It comes as no surprise that, from time to time, law enforcement agencies violate individuals’ rights and civil liberties. Beit being found liable for curtailing someone’s freedom of speech or using excessive force to make an arrest, law enforcement have lost or settled these civil cases. But what happens when they do? Who pays for their mistake?
Is it the officer that violated the person’s rights? Usually not. How about the agency itself? Doesn’t the police department have to pay? This too is usually not the case. For as long as civil rights lawsuits have been around, another industry has been around longer. The insurance industry. Now, in much the same way that you buy health insurance in case you get sick, life insurance to help your family in case you die, or disability insurance in case you get seriously injured and can’t go back to work, law enforcement agencies buy insurance policies to protect themselves financially when and if they violate your rights.
In fact, once the law enforcement agency is notified that a law suit is about to be filed, there is little doubt that one of the first calls they make is to their insurance company. That insurance company will hire attorneys for the law enforcement agency, protect the agency through the federal litigation process, defend the officers in depositions, and – if they are required to – write the check for the violation of your rights. (Note: there are some exceptions like the City of Indianapolis, which is self-insured; however, these are rare and usually exist in larger cities with greater financial resources.)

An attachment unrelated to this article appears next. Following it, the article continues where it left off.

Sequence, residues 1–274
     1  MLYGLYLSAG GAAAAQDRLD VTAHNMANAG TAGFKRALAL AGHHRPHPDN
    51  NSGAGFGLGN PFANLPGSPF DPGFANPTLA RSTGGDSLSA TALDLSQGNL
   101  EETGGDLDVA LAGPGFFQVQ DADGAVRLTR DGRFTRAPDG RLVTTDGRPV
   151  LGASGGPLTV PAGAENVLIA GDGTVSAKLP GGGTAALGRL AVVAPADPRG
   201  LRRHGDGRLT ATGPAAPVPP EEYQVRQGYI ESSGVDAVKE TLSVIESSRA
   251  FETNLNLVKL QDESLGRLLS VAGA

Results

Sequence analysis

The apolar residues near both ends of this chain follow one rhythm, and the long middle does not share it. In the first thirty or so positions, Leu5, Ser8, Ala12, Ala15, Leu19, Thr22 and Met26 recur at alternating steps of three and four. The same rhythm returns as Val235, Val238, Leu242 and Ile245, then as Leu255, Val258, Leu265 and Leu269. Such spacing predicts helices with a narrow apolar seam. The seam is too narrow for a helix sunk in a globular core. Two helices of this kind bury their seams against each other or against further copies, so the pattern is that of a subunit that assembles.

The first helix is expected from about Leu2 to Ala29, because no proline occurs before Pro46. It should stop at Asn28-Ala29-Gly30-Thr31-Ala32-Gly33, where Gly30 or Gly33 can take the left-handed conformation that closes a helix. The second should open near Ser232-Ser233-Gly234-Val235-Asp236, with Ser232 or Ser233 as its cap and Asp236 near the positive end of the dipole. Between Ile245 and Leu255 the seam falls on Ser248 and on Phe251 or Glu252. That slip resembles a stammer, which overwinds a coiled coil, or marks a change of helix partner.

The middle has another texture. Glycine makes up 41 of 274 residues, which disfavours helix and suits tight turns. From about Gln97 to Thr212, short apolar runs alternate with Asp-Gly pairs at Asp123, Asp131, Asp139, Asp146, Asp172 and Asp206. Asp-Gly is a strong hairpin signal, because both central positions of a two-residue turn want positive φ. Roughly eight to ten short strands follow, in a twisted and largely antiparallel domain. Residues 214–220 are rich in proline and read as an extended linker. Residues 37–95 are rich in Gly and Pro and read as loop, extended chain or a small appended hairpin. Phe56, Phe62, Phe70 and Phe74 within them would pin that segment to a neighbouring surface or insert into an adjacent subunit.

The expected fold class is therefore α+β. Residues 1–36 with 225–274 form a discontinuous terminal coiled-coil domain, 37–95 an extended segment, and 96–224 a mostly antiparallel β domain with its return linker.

Some argue, however, that with law enforcement able to readily buy this type of insurance, it takes away from the severity and punitive effect of successful civil rights lawsuits for clear wrongdoing. After all, if a police department can keep paying their premiums every year then they can concern themselves less with abiding by your rights since an insurance company will shoulder most of the financial burden if a severe rights violation were to result in a significant judgment against them. Others say that all insurance against civil rights violations does is spread the cost of those lawsuits out over a longer period of time and simply reduces the risk that a major law suit might shut down a small police department that simply does not have the financial resources to handle such a federal lawsuit.
Regardless, the question remains: if insurance (like automobile insurance) was designed to pool the risk of unpredictable occurrences like accidents amongst larger groups of people, is insurance the proper tool to financially protect law enforcement from intentional violations of your civil rights?
Contact us today if you have questions or believe your criminal or civil rights have been violated. We stand ready to provide our clients with trusted representation and accurate information regarding the law and its application to their individualized case. Act now and contact us today at (317) 857-0160.